When a child is born in Spain, it is given two one or two first names. Naturally, the first name usually indicates the gender of the baby, but the second name can be a girl’s name for a boy and vice versa. This means that a boy’s name could be José Maria and a girl’s name could be Maria José!
In terms of second or middle names, it’s often chosen to honour a close friend or family member.
The child is also given two surnames: the first from the first surname of the father and the second from the first surname of the mother. This tradition means that, unlike in other countries, a mother never loses her maiden name and it is carried on to the next generation.
Following marriage, both the bride and groom retain their birth names, but many women are referred to as ‘Senora de’ (meaning ‘wife of’), followed by the husband’s last name.
In Indonesia, babies are named according to their birth order and the same names can be given to either boys or girls:
Wayan and Putu are the most common for first-born babies
Made and Kadek for second-born babies
Nyoman or Komang are most popular for third-born babies
Ketut for fourth-born babies
Indonesian people also often only use one name – no surname – so official documents like passports often have only one name listed on them!
Zulu names are often given in connection with a family’s situation when a baby is born. This is referred to as the ‘home name’ and may reflect how the family relates to others in the community or may even refer to weather conditions at the time of the baby’s birth!
Following a baby’s birth, Zulus hold an ‘imbeleko ceremony’. This is to introduce the baby to their ancestors, who live in the spirit world and provides an opportunity to name the child.
The baby’s clan name functions as its surname.
Surnames actually only came into existence in Turkey in 1934 when the Surname Law was adopted, ensuring that every family had a surname. Prior to this – from the time of the Ottoman Empire, in fact – Turks didn’t have surnames, but simply used their father’s name, for example, Ahmet oğlu Mehmet – Mehmet’s son Ahmet.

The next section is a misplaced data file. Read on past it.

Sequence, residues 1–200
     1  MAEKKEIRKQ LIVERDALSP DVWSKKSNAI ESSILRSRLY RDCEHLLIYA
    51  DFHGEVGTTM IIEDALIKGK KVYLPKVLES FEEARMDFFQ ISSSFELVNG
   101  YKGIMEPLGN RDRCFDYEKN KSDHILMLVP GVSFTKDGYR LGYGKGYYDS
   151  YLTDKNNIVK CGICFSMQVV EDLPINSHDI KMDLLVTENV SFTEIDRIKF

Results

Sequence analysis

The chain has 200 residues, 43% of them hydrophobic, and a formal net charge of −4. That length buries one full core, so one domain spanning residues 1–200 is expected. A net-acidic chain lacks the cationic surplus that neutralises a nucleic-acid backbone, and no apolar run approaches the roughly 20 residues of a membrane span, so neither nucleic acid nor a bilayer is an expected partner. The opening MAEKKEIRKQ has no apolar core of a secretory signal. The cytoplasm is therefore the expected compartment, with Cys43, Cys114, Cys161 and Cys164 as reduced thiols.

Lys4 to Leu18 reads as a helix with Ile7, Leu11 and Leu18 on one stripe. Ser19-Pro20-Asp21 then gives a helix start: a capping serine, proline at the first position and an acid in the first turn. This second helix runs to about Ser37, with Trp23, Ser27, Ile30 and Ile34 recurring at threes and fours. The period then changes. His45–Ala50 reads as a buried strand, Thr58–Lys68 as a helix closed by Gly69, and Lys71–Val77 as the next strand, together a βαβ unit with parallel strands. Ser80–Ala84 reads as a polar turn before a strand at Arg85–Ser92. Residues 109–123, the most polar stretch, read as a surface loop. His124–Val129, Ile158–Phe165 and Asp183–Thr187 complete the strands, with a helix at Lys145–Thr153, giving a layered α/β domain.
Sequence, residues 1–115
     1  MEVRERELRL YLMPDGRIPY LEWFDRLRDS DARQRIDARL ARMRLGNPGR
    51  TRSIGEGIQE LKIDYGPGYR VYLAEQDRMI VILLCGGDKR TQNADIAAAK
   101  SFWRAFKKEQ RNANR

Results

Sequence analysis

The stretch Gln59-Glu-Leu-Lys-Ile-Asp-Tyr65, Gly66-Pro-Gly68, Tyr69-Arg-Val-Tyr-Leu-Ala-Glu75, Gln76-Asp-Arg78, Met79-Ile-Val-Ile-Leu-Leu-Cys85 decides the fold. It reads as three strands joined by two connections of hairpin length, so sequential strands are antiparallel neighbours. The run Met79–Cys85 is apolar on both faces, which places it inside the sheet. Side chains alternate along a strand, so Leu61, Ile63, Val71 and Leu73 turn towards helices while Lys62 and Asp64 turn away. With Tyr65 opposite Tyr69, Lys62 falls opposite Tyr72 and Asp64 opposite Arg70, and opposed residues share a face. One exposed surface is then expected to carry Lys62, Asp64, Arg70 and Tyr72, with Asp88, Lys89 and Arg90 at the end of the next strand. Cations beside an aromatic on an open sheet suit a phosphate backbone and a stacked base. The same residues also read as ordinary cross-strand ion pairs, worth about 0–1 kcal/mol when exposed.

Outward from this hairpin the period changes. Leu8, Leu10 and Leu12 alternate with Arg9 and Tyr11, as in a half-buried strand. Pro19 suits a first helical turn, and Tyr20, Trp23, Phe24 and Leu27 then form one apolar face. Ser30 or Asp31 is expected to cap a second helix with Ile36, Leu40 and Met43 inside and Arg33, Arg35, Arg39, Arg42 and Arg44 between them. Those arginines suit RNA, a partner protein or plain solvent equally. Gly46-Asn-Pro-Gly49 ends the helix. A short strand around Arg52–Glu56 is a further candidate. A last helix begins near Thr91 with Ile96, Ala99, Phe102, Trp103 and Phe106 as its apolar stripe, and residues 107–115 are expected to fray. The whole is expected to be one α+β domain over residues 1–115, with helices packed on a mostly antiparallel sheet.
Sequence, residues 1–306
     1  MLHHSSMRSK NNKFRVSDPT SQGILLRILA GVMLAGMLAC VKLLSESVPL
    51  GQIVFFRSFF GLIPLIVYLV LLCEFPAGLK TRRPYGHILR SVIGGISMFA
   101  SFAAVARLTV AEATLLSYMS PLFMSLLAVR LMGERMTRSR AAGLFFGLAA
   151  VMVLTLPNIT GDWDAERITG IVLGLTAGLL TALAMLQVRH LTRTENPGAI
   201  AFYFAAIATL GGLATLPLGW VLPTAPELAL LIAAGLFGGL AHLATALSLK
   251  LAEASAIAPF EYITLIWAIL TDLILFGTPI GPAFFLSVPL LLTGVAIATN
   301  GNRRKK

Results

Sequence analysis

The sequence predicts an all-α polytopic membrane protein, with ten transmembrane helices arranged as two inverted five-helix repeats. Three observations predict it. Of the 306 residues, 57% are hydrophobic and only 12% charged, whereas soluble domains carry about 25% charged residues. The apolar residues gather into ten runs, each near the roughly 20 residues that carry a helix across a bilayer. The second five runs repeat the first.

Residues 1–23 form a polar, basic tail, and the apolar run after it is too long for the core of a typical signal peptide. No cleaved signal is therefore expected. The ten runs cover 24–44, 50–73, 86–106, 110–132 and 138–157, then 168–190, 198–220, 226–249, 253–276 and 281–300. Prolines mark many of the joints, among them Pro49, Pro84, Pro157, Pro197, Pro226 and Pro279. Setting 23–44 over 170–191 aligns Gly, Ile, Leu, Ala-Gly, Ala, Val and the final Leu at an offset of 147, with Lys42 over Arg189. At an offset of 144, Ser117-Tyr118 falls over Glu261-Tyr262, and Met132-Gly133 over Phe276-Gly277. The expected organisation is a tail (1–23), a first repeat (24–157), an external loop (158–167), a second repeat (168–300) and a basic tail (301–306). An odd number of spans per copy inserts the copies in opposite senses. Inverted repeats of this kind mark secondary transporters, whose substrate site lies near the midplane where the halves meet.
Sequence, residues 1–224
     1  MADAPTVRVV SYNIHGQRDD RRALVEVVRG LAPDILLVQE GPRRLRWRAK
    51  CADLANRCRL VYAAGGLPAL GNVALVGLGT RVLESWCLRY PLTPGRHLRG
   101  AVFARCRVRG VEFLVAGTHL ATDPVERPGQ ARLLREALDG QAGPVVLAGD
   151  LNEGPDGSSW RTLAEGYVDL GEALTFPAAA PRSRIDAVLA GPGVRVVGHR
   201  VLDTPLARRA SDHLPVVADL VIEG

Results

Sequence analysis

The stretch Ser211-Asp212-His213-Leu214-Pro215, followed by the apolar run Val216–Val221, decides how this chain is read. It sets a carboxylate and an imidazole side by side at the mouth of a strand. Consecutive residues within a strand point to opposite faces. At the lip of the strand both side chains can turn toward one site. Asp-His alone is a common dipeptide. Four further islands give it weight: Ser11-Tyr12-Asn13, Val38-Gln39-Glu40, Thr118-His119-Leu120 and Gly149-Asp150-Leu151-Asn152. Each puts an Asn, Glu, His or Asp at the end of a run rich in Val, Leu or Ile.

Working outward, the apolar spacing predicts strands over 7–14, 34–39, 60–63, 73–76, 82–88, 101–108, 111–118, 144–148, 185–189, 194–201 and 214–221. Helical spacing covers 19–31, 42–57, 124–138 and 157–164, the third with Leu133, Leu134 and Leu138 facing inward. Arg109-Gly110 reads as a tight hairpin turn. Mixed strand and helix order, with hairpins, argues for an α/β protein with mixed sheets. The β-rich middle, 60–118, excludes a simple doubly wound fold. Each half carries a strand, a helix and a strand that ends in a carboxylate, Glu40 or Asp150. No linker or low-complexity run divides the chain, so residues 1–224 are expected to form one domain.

Previously in Turkey, it was tradition to name babies after their grandparents, but it’s increasingly popular for parents to opt for more modern names and indeed ‘unique’ names that they have come across.
Flower names are very popular for girls in Turkey. Gül (Rose) is a particular favourite and has many derivatives, such as Gülsen (Rose Orchard).
Religious names are always very popular in Turkey. The name of the prophet of Islam, Muhammet or Mustaf, is a particular favourite for boys, while the Prophet’s wives’ names, Ayşe and Fatma are equally popular.
In Romania, there are no strict rules on how babies’ names are chosen, but many babies are named after their grandparents or godparents. They’re also usually given a second name and, in some cases in order to satisfy grandparents, a third name.
Many Polish names are derived from the names of Christian saints. It’s also quite common for people to celebrate their name-day, which as in countries such as France, is the day dedicated to their patron saint.
Many names also have two forms: the formal version of the name and the diminutive. Katarzyna, for example, becomes Kasia, while Malgorkzata becomes Gosia.
The Poles are also very fond of adding endings to names. This indicates a level of intimacy with the person. For example, a child’s formal name may be Katarzyna. Her friends may call her Kasia, while her parents and boyfriend may call her Kaśka.